patio blueberries-container size question

lroberge(5)January 7, 2007

Greetings! I would really appreciate some feedback from folks-especially their experiences on this topic.

I have purchased some dwarf blueberry plants to plant in patio containers this spring. Dwarf oinly grow 18 to 24 inches in height.

What SIZE of container should I plant them in? I want to plant them in the container for permanence (not to replant into a bigger container in later time). Yes, I plan to fertilize regularly, but I wanted to know what size container to get to prepare for the planting of these blueberry plants when they arrive in March.

I have seen wooden tubs and clay pots...any one have some advice based on experience with these plants?

Thank you in advance. Best wishes.

Lawrence

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york_rose

I have a regular size blueberry growing in a very large styrofoam pot that outwardly resembles terra cotta, but is much lighter. My general advice to you is that you plant it in as large a pot as you can. If it is to remain outside in the winter, do not use a pot made from ceramic! If you plan to put it somewhere like a garage during the winter (someplace where it will be cold, but not freezing), then that would be different. I specfically purchased the styrofoam so that I could move it, but also so that I would not have to worry about leaving it outside during freezing/thawing weather.

Please also bear in mind that after about three years you will need to be able to replace at least a little of the potting mixture, so you must consider that as well. (If you don't replace it, over time the air spaces will collapse and the roots will suffocate.)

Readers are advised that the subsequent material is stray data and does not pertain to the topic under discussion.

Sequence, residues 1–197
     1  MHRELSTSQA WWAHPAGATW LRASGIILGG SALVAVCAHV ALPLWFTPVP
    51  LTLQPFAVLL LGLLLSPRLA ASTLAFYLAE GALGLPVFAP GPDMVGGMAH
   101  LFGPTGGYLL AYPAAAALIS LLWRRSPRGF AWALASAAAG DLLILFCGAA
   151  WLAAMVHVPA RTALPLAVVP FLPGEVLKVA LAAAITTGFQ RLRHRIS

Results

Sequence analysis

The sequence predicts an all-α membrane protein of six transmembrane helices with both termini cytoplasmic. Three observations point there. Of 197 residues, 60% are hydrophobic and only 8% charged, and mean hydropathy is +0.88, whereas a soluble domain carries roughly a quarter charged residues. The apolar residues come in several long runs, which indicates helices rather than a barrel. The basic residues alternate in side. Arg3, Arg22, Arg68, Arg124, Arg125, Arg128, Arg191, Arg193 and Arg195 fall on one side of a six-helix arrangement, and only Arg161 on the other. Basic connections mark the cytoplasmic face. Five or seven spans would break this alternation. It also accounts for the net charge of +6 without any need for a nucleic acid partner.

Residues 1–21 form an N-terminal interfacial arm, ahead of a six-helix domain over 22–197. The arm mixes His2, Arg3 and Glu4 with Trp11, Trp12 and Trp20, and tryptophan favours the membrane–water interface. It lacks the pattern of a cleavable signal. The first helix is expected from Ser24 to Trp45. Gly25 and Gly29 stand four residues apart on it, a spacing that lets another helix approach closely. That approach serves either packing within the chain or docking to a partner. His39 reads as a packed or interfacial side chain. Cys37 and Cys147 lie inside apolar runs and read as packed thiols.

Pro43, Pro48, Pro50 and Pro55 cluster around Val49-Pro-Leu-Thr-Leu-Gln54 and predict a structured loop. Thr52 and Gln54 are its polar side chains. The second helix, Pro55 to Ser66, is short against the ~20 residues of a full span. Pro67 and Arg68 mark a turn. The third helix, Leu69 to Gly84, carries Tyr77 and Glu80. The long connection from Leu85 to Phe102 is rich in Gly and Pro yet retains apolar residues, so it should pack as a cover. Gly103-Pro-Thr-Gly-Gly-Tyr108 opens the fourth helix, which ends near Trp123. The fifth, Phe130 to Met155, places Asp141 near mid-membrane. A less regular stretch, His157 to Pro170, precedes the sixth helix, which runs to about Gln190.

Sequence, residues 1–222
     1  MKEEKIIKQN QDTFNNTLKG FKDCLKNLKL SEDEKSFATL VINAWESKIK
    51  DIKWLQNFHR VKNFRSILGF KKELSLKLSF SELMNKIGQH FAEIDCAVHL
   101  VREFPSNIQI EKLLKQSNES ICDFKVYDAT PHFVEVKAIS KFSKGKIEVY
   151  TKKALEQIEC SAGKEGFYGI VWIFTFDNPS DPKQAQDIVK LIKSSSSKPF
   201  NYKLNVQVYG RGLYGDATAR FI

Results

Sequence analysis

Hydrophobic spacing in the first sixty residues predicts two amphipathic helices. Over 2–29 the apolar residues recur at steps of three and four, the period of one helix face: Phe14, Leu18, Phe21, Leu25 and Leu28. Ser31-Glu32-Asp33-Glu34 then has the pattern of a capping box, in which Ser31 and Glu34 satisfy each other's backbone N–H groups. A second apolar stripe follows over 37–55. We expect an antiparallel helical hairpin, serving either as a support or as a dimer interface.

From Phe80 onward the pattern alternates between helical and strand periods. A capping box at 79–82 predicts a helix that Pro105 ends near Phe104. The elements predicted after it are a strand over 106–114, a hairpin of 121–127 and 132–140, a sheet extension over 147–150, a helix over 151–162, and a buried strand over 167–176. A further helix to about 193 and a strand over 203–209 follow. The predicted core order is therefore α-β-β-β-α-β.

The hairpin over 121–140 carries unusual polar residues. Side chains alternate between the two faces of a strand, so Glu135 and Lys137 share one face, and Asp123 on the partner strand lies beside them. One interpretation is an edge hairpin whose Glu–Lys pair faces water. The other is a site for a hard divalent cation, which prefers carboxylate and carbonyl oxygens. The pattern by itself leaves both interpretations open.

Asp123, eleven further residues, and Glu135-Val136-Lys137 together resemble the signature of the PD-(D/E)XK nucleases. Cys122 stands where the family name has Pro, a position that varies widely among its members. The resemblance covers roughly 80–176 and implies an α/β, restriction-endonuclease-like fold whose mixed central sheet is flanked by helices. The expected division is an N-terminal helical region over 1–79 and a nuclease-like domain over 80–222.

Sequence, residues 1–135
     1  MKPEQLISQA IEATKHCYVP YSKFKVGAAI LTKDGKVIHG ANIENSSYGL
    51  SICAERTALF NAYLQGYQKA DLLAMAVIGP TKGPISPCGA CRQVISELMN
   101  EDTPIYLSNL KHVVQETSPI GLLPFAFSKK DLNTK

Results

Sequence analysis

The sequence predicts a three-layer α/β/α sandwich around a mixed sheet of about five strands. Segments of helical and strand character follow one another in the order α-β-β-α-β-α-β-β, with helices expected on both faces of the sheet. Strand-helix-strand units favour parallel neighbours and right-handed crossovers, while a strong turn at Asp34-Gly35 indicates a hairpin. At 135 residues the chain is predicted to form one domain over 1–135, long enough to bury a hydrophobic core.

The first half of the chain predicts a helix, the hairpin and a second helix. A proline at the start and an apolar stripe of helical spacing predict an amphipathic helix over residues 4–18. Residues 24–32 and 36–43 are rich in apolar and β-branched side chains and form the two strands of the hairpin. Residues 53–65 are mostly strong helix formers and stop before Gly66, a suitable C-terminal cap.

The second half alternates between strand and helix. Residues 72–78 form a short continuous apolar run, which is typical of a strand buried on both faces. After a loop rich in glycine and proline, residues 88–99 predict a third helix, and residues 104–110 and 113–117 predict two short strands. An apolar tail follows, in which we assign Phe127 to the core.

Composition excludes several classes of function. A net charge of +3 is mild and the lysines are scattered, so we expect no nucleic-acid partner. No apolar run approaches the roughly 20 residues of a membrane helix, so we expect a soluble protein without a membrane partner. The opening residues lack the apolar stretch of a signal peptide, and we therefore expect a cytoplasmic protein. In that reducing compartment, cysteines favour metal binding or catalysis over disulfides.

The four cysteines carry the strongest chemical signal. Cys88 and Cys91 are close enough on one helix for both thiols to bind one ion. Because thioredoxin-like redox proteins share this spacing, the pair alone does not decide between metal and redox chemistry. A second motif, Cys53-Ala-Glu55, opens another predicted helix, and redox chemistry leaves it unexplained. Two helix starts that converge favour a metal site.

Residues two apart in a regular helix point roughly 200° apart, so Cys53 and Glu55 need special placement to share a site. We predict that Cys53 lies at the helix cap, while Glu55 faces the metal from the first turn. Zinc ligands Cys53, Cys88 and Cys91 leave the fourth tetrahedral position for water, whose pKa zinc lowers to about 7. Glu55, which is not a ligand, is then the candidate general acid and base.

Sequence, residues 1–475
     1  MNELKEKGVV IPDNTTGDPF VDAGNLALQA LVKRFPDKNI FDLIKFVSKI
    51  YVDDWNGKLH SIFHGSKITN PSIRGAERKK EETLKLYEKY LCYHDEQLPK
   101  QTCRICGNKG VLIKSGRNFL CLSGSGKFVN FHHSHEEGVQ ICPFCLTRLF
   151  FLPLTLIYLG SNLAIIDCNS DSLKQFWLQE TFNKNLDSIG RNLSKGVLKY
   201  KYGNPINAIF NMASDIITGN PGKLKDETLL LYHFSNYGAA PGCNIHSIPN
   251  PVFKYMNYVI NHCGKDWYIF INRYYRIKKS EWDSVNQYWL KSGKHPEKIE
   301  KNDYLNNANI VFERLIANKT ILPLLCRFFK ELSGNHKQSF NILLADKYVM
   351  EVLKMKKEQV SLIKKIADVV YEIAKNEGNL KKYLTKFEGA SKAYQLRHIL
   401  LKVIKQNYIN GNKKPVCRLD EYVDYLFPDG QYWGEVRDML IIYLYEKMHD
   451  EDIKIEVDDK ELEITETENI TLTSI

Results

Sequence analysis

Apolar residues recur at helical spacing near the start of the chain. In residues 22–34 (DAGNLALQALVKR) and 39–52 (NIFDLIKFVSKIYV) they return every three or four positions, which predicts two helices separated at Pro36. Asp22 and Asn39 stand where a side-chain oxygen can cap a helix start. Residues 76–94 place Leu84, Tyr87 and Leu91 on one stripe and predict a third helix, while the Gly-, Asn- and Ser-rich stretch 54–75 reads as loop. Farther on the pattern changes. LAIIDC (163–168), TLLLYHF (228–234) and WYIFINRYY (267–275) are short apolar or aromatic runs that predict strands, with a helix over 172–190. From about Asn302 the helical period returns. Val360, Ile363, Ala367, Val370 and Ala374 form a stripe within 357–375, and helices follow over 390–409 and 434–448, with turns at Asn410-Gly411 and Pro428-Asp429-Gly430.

Bookmark   January 7, 2007 at 12:59PM
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WendyB(5A/MA)

I don't think its a good idea to plant them into their permanent home right off. The problem is that with such a large proportion of soil to roots, the soil will stay very wet and the roots may rot.

I don't know about blueberries in particular, but above applies to all plants in general.

A lot of mail order plants will arrive very small. Even if the retail outfit says 1 quart or 1 gallon or whatever, that doesn't necessarily mean the roots will fill the pot.

At a minimum let it grow this season in a pot about 1-2" larger than the root mass. In the fall you can repot bigger. The extra soil at that time will provide extra winter insulation.

If you are talking about planting multiple plants in one pot, thats another story. How many are you getting? What size?

    Bookmark   January 7, 2007 at 1:02PM
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york_rose

I've picked wild blueberries from 10' tall bushes growing in a marsh, with permanently wet soil. Blueberries don't suffer from wet feet the way some plants do. In fact they lack the abundance of root hairs many plants have surrouding their roots, so moist soil is often an advantage.

Actually, the reason I suggested a big pot is that the deeper the pot is (as long as the soil mixture is very porous), the better drained, and less wet the potting soil will be. All things being equal, lingering wetness is a not a function of pot size, but of pot depth. The shallower the pot, the bigger a problem with wet soil you will have. I learned that as a horticulture undergraduate student at Penn State (& the Agronomy prof. included this in a slide show, with pictures to prove it).

I know it's counterintuitive, but it's the truth.

    Bookmark   January 8, 2007 at 2:10AM
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lroberge(5)

To york-rose-I appreciate the warning about collapse of the aeration for the root system. Good point. How about this counter-question...what is I put some earthworms in the pot to maintain tunnels (and hence aeration) in the potting soil. Would that help?

Also, thanks for the pot drainage info.

To wendy B-thanks for the suggestions. I plan to get 3 to 4 plants-each different strain of dwarf blueberry (tophat, ,etc.) and then I have to get the pots ready. The plants are ordered and will arrive in March-from Gurney's.

Thanks for the info folks. I appreciate it.

Best wishes.

Lawrence

    Bookmark   January 8, 2007 at 5:53PM